Insufficient heating of the cream during pasteurization (unlikely if you used a thermometer)
Contamination after pasteurization from unclean jar, utensil, or sneaky fingers
Contaminated starter culture
Before churning, the cream needs to be cooled to 60F. You can accomplish this with a sinkful of ice water. The easiest way is to chill the cream overnight, then reheat it to 60 in the morning. You might want to fill a small cup or jar with cream and chill it to use at the table as clabber cream.
Pour the 60-degree cream into the food processor, filling it less than half full to allow for foaming. Start the motor, and watch carefully. At first, the cream will swirl around as a liquid. After a minute, as the cream begins to foam and become more viscous, it forms a doughnut, with the blade hub in the hole. The surface of the doughnut will be smooth at first, then develop ripples as it rises higher and higher. The ripples will get larger and larger, and then, suddenly, the doughnut collapses into a slushy mixture of butter particles and buttermilk. The whirring will have changed to a sloshing. Stop the machine immediately.
Remove the cover and look closely at a spoonful of butter slush: it should look like soupy polenta, with discernible granules of distinctly yellow butter in white buttermilk. If the grains are too small, the whole admixture will appear primarily white, so buzz the machine for a few more seconds and look again. If you see real yellow, you're there.
Once the butter has come, drain the buttermilk off into a jar and measure its volume. Measure a quantity of strained icewater equal to one and one half times the quantity of the buttermilk. Pour the icewater into the processor, replace cover and run it for one minute. Drain off the rinse water. (Do not add this rinsewater to thebuttermilk: it is good for the compost pile, though.)
If your icewater was cold enough (33 degrees), your butter should be firm enough to not be sticky or greasy. Dump and scrape it out of the processor into a clean, chilled bowl. Use a potato masher, pastry blender, clean rubber spatula, or two forks to knead as much water out as possible. If you prefer, a large jar or bucket with lid can be used to tumble the butter dry: hold the bucket with one hand on the cover and one on the bottom, and shake vigorously in a circular motion, causing the lump of butter to thump around the circumference of the bucket. Open and pour off the water about once a minute. When no more water comes out, you are done.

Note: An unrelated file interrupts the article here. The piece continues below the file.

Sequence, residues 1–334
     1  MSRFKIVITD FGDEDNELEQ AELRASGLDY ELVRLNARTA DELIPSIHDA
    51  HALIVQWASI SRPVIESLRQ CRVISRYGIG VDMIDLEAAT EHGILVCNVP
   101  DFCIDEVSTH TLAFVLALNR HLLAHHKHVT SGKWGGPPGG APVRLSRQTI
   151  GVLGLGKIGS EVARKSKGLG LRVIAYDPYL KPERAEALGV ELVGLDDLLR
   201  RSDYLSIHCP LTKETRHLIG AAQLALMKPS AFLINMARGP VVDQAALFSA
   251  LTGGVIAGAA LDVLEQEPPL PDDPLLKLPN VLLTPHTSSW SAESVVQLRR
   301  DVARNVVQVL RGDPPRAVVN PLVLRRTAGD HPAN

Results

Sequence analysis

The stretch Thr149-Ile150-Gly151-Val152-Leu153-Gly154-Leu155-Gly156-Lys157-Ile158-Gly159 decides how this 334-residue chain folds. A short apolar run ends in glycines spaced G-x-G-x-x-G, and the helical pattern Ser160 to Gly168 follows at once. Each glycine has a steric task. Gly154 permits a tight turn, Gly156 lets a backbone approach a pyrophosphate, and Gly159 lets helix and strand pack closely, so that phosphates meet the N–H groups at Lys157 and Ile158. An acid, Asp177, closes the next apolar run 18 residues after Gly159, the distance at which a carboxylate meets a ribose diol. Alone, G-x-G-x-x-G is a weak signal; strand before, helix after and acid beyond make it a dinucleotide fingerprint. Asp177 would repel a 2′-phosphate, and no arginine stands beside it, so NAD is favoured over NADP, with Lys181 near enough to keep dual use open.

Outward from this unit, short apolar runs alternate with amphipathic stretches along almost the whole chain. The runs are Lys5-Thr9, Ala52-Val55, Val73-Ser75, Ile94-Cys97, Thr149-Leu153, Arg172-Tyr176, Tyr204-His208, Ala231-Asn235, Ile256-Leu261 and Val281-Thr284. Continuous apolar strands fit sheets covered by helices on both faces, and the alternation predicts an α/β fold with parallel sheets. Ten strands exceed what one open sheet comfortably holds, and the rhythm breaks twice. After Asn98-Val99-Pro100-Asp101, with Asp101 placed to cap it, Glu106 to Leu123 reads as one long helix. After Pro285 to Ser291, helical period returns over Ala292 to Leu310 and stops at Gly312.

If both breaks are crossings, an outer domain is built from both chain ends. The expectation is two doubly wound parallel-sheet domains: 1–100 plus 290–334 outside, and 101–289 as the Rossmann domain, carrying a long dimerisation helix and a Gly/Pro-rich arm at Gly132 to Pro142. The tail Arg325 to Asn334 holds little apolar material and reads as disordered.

The butter is now ready to be shaped, and is at the right temperature for shaping as well. If you put it in the cooler now instead of shaping it, you will have to warm it back up before packing it, and this will destroy the butter's unique mealy texture. As is so often the case in life as we know it, when making butter you get exactly one shot at doing it the easy way, and if you pass it up, the process becomes more difficult at an astounding rate!
Shaping the butter can be as simple a matter as packing it into ramekins, rolling it in freezer paper, or filling moulds.
Storage and serving
Freeze all of the butter that exceeds a few days' supply. Freezing butter does it no harm: butterfat crystalizes at about 60F, so taking it from 35F in the refrigerator and chilling it down to -20 in the freezer does not change its texture. Freezing butter will forestall the absorption of other flavors from the refrigerator (the mire poix, the veal stock, kimchee, etc), and keep the butter's flavor a clean and intense as when it was churned.
I like to bake with cold butter, but I prefer to serve it warm and at room temperature. In my house, we take out a day's worth of butter at first light, and it stays out on the counter, under glass, until it is gone. The flavor of cultured butter improves at room temperature over the course of the day, and the live cultures help to protect it from spoilage bacteria.
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Grassland Cheese Consortium was founded by Jonathan White, Cheesemaker and Nina Stein White, Dancemaker , who established Egg Farm Dairy in 1994. They left Egg Farm in June 2000, and started the consortium, in order to share their cheesemaking experiences with others.
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Text Copyright 2000, 2001, 2002 Jonathan S. White - all rights reserved